(defn increment-group [base prev]
  (loop [v prev
         col (- (count prev) 1)
         overflow 1]
    (if (< col 0)
      (if (> overflow 0) nil v)
        (update v col #(mod (+ overflow %) base))
        (dec col)
        (quot (+ overflow (get v col)) base)))))

> (increment-group 3 [0 0 0])[0 0 1]

> (increment-group 3 [0 0 1])[0 0 2]

> (increment-group 3 [0 0 2])[0 1 0]

> (increment-group 3 [0 1 0])[0 1 1]

> (increment-group 3 [2 2 2])nil

Next came, taking this function, converting it into a stream using iterate and filtering out invalid groups (wrong number of slices or people with no slices).

(defn groups [& {:keys [slices people]}]
      #(increment-group (inc slices) %)
      (vec (for [_ (range people)] 0)))
    (take-while some?)
      (fn valid-group [nums]
            (= slices (reduce + nums))
            (every? #(>= % 1) nums))))))

> (groups :slices 4 :people 2)([1 3] [2 2] [3 1])

Now for the rotations. I wanted a function that would take a group and a pizza and return which slices ended up in each part of the group, with an offset parameter to rotate the pizza.

(defn combos [& {:keys [pizza group offset]}]
  (if (empty? group)
    (let [[head & tail] group
          offset-pizza (drop offset (concat pizza pizza))]
          (set (take head offset-pizza))
          (combos :pizza pizza :group tail :offset (+ offset head)))))))

> (for [r (range 6)]
    (combos :pizza ['a 'b 'c 'd 'e 'f] :group [3 2 1] :offset r))(({a b c} {d e} {f})
    ({b c d} {e f} {a})
    ({c d e} {f a} {b})
    ({d e f} {a b} {c})
    ({e f a} {b c} {d})
    ({f a c} {c d} {e}))

Finally I need to marry these two together, getting all combos for all streams and then use distinct to remove the duplicates. Clojure’s natural ability to compare all values including Sets and Lists really shines here. The whole program comes in at under 45 lines of code. That said the approach overall is, as expected, very slow to run for larger numbers of people with a big-o of O(Slices^People).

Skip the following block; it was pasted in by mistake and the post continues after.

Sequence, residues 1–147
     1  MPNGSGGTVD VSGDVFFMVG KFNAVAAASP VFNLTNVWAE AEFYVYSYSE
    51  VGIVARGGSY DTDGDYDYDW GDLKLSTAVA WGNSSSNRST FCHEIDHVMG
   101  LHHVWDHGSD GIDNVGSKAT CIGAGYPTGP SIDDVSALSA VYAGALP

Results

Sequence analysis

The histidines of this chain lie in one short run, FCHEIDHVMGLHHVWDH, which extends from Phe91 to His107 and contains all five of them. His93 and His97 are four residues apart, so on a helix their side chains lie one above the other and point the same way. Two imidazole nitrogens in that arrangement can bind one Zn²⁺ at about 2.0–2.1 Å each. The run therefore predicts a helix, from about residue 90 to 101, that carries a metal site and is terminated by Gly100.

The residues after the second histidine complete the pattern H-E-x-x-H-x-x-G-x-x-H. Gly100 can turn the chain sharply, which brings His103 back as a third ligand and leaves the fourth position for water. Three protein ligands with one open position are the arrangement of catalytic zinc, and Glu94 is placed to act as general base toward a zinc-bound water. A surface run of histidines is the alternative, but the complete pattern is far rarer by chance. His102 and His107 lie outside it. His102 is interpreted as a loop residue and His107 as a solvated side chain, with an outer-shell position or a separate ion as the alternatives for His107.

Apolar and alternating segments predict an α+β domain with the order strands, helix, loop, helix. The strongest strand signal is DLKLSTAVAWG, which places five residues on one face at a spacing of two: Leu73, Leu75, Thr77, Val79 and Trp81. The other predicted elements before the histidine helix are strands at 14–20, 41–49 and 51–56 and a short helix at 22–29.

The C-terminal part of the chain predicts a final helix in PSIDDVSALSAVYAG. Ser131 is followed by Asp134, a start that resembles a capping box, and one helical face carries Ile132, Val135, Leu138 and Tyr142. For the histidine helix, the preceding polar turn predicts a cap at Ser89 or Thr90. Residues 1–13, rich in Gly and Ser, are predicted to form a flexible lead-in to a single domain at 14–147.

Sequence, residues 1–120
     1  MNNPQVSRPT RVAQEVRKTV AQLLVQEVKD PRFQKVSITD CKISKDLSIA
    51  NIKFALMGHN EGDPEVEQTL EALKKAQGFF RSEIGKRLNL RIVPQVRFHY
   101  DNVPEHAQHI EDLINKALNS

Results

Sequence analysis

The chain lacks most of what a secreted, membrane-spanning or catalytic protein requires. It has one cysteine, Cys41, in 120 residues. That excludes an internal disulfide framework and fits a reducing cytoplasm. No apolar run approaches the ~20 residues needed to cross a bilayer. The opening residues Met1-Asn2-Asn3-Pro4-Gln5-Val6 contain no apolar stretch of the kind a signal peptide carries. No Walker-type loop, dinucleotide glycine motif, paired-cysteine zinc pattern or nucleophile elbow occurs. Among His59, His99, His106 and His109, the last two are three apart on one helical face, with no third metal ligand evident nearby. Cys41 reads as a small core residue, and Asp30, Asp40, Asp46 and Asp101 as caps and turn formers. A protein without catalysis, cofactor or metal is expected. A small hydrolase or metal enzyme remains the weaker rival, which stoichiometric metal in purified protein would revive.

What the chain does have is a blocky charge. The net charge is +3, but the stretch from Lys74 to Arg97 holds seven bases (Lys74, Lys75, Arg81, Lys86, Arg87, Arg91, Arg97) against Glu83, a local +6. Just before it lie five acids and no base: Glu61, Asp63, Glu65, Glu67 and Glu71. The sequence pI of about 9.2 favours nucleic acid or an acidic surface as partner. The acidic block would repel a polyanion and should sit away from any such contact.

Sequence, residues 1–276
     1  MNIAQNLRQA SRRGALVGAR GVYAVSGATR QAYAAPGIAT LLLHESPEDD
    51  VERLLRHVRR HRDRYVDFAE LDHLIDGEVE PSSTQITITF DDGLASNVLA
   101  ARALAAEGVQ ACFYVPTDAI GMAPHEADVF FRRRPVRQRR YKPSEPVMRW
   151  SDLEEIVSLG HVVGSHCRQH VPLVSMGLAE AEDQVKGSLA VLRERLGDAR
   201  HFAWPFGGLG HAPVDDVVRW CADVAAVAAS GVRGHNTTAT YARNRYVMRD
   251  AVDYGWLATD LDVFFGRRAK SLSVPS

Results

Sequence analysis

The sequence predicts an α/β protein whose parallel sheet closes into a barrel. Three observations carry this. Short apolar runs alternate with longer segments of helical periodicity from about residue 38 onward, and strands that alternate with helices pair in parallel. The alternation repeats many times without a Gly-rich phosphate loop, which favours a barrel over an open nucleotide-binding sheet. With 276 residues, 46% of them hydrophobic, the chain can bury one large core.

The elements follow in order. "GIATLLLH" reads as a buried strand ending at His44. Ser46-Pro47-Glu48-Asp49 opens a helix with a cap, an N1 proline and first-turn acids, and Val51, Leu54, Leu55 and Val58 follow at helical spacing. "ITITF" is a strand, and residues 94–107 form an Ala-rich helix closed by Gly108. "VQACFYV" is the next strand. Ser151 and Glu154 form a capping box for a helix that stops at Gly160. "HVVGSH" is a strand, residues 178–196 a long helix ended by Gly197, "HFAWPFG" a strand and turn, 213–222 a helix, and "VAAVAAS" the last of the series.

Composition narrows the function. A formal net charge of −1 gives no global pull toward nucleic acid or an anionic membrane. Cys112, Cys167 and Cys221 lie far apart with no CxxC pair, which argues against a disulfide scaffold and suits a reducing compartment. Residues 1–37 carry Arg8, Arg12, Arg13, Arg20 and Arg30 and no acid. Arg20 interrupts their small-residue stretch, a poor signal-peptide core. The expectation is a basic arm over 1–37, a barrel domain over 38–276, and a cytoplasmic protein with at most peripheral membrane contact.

(defn pizza-options [& {:keys [slices people]}]
      [group (groups :slices slices :people people)]
        [offset (range slices)]
            :pizza (vec (range slices))
            :group group
            :offset offset))))
    (apply concat)

> (pizza-options :slices 4 :people 2)({{0} {1 2 3}}
    {{1} {2 3 0}}
    {{2} {3 0 1}}
    {{3} {0 1 2}}
    {{0 1} {2 3}}
    {{0 3} {1 2}})

> (count (pizza-options :slices 4 :people 2))6

> (time (count (pizza-options 9 7)))
"Elapsed time: 18.599 secs"36


With this new tool, I returned to the spreadsheet and entered in the new more reliable data.

1 2 3 4 5 6 7 8 9
1 1
2 1 1
3 1 3 1
4 1 6 4 1
5 1 10 10 5 1
6 1 15 20 15 6 1
7 1 21 35 35 21 7 1
8 1 28 56 70 56 28 8 1
9 1 36 84 126 126 84 36 9 1

There are certainly some nice patterns. Each row has a symmetry which gradually becomes more apparent. The ‘2 person’ column increments by 2,3,4,5,6,7,8. Though the ‘3 person’ column increments at the stranger rate of 3,6,10,15. Unperturbed I created a new sheet which lists how much larger each cell is compared to the one above it.

1 2 3 4 5 6 7 8 9
1 +1
2 0 +1
3 0 +2 +1
4 0 +3 +3 +1
5 0 +4 +6 +4 +1
6 0 +5 +10 +10 +5 +1
7 0 +6 +15 +20 +15 +6 +1
8 0 +7 +21 +35 +35 +21 +7 +1
9 0 +8 +28 +56 +70 +56 +28 +8 +1

These numbers looked nice and felt familiar. You get 1,2,3,4,5… running along column 2 and also diagonally below the 1s. A much much stronger pattern is there but it took me forever to spot it. When I did spot it I did feel like a kid at Christmas.

The amounts the cells increment by are the same numbers as the original numbers but shifted down and to the right. Looking again at the original numbers. Apart from the first two columns, each cell is the sum of the one above it and the one to its above left. I couldn’t believe it.

1 2 3 4 5 6 7
1 1
2 1 1
3 1 3 1
4 1 6 3+1= 4 1
5 1 10 6+4= 10 4+1= 5 1
6 1 15 10+10= 20 10+5= 15 5+1= 6 1
7 1 21 15+20= 35 20+15= 35 15+6= 21 6+1= 7 1

A trick to get around the annoying ‘2 person’ column not playing ball is to pretend the numbers for the first column are 1,2,3,4. Then it all falls into place. Back to pen, paper and high-school algebra I rearranged the parts into this:

g(n, n)            = 1
g(slices, 1)       = slices
g(slices, people)  = g(slices-1, people) + g(slices-1, people-1)

f(_, 1)            = 1
f(slices, people)  = g(slices, people)

and in Clojure (100,000 times faster than before)